Francesco’s younger brother, for a long time considered as being mediocre by comparison, is today acknowledged as being a cultured and coherent artist, even though he came to art rather late in life after studying law. He had no formal art training.

He lived with his brother and was influenced by him stylistically in his early landscape studies. He took part in lively art debates with friends and colleagues and was interested in the painting of the Macchiaioli, in particular in Fattori, as is reflected in his preference for military scenes and views of the Maremma.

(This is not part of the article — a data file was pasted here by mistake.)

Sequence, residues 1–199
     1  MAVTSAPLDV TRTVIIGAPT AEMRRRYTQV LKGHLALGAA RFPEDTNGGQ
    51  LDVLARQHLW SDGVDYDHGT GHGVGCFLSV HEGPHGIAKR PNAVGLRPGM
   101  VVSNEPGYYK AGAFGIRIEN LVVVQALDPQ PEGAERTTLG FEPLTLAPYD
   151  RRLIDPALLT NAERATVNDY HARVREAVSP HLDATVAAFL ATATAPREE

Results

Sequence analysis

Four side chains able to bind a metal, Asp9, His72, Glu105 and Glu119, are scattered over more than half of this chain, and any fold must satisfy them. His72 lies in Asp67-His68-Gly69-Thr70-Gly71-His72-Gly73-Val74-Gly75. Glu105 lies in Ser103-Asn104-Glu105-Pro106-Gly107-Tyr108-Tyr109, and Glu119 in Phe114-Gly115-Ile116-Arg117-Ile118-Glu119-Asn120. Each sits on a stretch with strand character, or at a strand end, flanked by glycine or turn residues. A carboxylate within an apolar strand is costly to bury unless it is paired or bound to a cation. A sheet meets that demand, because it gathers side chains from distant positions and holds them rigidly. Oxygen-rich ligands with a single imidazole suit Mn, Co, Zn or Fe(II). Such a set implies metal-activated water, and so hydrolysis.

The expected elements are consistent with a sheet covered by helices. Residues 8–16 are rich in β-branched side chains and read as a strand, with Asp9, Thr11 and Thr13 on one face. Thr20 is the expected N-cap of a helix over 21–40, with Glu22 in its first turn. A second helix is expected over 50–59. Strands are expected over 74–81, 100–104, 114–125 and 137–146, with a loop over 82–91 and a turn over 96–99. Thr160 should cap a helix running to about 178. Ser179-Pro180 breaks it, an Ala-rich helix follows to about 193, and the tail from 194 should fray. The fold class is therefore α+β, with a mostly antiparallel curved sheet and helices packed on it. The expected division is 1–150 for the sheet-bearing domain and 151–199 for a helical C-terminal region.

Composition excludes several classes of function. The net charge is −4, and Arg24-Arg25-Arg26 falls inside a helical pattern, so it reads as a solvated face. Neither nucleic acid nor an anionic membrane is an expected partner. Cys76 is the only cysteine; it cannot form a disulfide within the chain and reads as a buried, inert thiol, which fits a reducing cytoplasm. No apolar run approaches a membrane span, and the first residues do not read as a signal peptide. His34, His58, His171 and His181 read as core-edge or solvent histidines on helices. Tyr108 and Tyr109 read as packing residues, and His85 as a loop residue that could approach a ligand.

In 1889 he took part in the Paris Universal Exhibition with “Ritorno dal pascolo” (Return from the Meadows) and also in 1889, in Paris, was awarded a prize for “Scene di Maremma” (Views of the Maremma). From that time on he regularly took part in the most important Italian exhibitions and, in particular, in those of the “Società di Belle Arti di Firenze”. In 1894 he sent “Nei prati” (In the Meadows) and “Fiera di vacche” (The Cattle Show) to Milan; in 1895 he exhibited “Novembre” at the First Venice Biennial.

The success of Gioli’s prolific output has made him a point of reference for two successive generations of Post-Macchiaioli artists who often reduce his incisive figures to a banal stereotype.

Written by: Gioela Massagli – Translated by: Catherine Biggerstaff

© Studio d’Arte dell’800